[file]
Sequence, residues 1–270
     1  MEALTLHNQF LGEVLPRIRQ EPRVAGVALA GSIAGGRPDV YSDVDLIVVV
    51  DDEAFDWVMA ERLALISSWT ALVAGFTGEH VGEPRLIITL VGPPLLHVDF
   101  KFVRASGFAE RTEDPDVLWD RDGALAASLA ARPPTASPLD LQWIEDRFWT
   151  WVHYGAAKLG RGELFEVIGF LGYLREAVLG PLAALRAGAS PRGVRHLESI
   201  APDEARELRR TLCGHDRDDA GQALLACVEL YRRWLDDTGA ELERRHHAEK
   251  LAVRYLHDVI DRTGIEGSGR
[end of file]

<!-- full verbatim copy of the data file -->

Sequence, residues 1–270
     1  MEALTLHNQF LGEVLPRIRQ EPRVAGVALA GSIAGGRPDV YSDVDLIVVV
    51  DDEAFDWVMA ERLALISSWT ALVAGFTGEH VGEPRLIITL VGPPLLHVDF
   101  KFVRASGFAE RTEDPDVLWD RDGALAASLA ARPPTASPLD LQWIEDRFWT
   151  WVHYGAAKLG RGELFEVIGF LGYLREAVLG PLAALRAGAS PRGVRHLESI
   201  APDEARELRR TLCGHDRDDA GQALLACVEL YRRWLDDTGA ELERRHHAEK
   251  LAVRYLHDVI DRTGIEGSGR